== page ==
AMENDOLA VS. BLADES
Straight off the high of opening for Wilco at the Fillmore, the remarkable Berkeley duo of drummer Scott Amendola and Hammond B-3 organist Wil Blades is touring the West Coast to mark the release of the debut album Amendola Vs. Blades Greatest Hits. Both are masters of the particular demands of their stripped-down duo, as Amendola has logged thousands of miles with guitarist Charlie Hunter, and Blades toured and recorded with Medeski Martin and Woods’ drummer Billy Martin. Together, Amendola and Blades have honed an irresistible deep-pocket repertoire of sly funk, wicked shuffles, and slow-burning blues, with a dose of Ellingtonia thrown in for imaginative flights. Mentored by B-3 legend Dr. Lonnie Smith, a newly minted NEA Jazz Master, Blades is the region’s highest profile organ practitioner, while Amendola offers rhythmic revelations with every appearance. Together, these two heavyweights pack a serious wallop. ANDREW GILBERT
INFO: 7 p.m. Kuumbwa Jazz, 320-2 Cedar St., Santa Cruz. $20/adv, $25/door. 427-2227.
TIME SPENT DRIVING
Nineties emo bands are reuniting—not the mainstream, poppy, not-actually-emo groups, but the underground heart-on-the-sleeve sub-branch of punk rock that was actually really amazing (before the radio destroyed it). The Santa Cruz band back then was Time Spent Driving. It broke up in 2003, but has been playing again ever since 2012. It’s been a slow return—a new record, Passed and Presence, finally materialized last year, and recently the band released a music video for one of their songs. The group also just released a deluxe version of the album. This isn’t a nostalgia-dripping reunion—TSD is back and creating some really interesting new music. AARON CARNES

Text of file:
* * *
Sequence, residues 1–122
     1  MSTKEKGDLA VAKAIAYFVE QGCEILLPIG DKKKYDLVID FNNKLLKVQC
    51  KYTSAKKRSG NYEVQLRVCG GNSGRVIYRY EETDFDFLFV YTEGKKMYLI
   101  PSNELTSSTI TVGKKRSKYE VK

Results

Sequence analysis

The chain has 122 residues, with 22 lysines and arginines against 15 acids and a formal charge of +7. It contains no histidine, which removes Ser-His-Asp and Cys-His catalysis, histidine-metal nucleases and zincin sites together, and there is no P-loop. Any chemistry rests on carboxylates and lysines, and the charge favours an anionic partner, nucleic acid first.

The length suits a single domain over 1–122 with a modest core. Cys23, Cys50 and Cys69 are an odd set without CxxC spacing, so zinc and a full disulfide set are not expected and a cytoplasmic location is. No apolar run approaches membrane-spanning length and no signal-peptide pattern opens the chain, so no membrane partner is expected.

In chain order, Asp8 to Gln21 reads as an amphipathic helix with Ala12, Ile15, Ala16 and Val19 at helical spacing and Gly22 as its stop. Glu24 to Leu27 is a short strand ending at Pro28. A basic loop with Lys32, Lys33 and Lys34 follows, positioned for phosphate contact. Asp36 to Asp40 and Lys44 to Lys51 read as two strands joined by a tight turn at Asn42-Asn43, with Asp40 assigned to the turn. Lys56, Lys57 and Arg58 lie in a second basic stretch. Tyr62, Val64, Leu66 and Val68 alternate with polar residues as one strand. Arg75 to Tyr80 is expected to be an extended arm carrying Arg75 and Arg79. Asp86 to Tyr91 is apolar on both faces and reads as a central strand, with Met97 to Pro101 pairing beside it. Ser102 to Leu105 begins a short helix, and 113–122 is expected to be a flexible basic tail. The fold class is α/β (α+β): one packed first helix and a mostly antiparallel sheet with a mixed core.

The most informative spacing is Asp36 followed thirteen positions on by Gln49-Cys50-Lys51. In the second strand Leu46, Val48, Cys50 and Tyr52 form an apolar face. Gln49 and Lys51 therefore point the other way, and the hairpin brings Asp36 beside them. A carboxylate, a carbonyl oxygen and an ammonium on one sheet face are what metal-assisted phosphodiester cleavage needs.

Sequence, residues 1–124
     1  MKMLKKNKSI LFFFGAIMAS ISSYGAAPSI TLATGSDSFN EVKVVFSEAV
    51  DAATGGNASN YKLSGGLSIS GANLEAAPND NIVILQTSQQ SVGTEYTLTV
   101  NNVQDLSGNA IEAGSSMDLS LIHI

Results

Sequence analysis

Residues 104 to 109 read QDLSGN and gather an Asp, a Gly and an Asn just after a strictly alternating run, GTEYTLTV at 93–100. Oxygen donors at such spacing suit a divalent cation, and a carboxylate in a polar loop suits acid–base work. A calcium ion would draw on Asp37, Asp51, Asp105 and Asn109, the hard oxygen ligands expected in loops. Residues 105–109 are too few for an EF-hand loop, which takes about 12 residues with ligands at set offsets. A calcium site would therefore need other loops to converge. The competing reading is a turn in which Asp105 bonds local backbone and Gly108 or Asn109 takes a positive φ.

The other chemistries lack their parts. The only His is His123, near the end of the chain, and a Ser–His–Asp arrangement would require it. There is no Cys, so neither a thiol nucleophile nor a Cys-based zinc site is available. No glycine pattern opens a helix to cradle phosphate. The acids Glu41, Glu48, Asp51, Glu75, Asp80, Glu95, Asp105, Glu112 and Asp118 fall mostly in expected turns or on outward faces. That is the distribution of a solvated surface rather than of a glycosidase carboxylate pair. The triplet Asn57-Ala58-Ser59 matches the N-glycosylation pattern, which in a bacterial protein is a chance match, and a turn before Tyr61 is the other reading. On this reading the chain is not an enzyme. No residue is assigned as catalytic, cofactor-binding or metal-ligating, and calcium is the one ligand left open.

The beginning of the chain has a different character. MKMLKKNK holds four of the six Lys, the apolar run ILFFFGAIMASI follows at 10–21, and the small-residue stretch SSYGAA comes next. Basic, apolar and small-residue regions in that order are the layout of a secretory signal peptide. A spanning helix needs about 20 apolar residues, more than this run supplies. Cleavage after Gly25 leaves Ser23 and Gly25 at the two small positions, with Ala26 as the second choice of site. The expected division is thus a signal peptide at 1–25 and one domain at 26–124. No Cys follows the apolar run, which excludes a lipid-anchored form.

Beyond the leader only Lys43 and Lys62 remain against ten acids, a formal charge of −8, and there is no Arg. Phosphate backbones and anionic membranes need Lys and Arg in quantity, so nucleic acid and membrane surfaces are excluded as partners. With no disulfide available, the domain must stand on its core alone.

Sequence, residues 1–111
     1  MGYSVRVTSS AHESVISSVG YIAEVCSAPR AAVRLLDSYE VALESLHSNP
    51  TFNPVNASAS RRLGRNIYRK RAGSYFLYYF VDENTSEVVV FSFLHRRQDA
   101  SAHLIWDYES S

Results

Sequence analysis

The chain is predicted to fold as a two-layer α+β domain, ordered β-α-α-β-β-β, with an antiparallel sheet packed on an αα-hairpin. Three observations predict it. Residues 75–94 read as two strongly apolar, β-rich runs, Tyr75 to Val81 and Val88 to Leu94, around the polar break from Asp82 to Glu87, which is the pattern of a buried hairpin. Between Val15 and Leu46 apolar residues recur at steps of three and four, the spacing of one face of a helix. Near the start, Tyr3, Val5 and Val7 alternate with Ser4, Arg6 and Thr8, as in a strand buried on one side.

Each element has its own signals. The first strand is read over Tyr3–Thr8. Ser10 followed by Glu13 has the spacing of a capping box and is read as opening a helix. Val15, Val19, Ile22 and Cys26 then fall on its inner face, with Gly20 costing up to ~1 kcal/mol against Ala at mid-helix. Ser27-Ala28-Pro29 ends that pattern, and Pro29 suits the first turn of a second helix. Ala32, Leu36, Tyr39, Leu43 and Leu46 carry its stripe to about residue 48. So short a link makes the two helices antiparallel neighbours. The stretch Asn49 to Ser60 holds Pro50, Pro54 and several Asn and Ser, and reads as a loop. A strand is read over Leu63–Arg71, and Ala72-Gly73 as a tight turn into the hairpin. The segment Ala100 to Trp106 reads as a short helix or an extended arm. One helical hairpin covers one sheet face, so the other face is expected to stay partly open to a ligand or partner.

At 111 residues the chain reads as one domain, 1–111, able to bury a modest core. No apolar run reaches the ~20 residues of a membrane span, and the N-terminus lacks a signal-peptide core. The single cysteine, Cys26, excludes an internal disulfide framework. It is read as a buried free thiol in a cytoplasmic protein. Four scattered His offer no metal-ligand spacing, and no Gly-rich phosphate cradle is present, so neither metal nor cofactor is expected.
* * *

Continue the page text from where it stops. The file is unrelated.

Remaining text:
INFO: 9 p.m. Crepe Place, 1134 Soquel Ave., Santa Cruz. $10. 429-6994.
One of the more complicated characters in the modern hip-hop scene, Hopsin is the stage name of L.A. native Marcus Hopson. Originally signed to the notorious Ruthless Records, Hopsin rose to fame through a series of successful YouTube videos, most of which have several million views. His breakout moment can be traced back to the 2010 release of “Sag My Pants,” the first of multiple songs in which Hopsin disses rappers more famous than himself—including Lil Wayne, Drake, Soulja Boy, Lupe Fiasco, Tyler the Creator, Rick Ross and more. Hopsin has been arrested at his own shows, has cancelled performances due to depression, and his aggressive and explicit lyrics boast a higher-than-average amount of sexist and violent language. No description would be complete without mention of the white-colored contacts he wears for every performance, giving him a creepy, zombie-like stare. KATIE SMALL
INFO: 9 p.m. Catalyst, 1011 Pacific Ave., Santa Cruz. $25/adv, $28/door. 429-4135.
Sometime in the late-’90s, the old So Say We cafe hosted then-Santa Cruzan Del Rey for an unforgettable music experience. Not only did Rey wow her audience—many of us first-timers—she did so from the loft/attic of the cafe, playing her kickass brand of resonator guitar blues like a boss from high above us, with her legs dangling over the edge. Rey has since left Santa Cruz for Seattle, but Friday sees her bringing her act, which includes humor, top-notch guitarwork, and a touch of Minnie Pearl-esque variety to the Ugly Mug. Don’t miss your chance to welcome back a hometown hero. CAT JOHNSON
INFO: 7:30 p.m. Ugly Mug, 4640 Soquel Drive, Soquel, $15. 477-1341.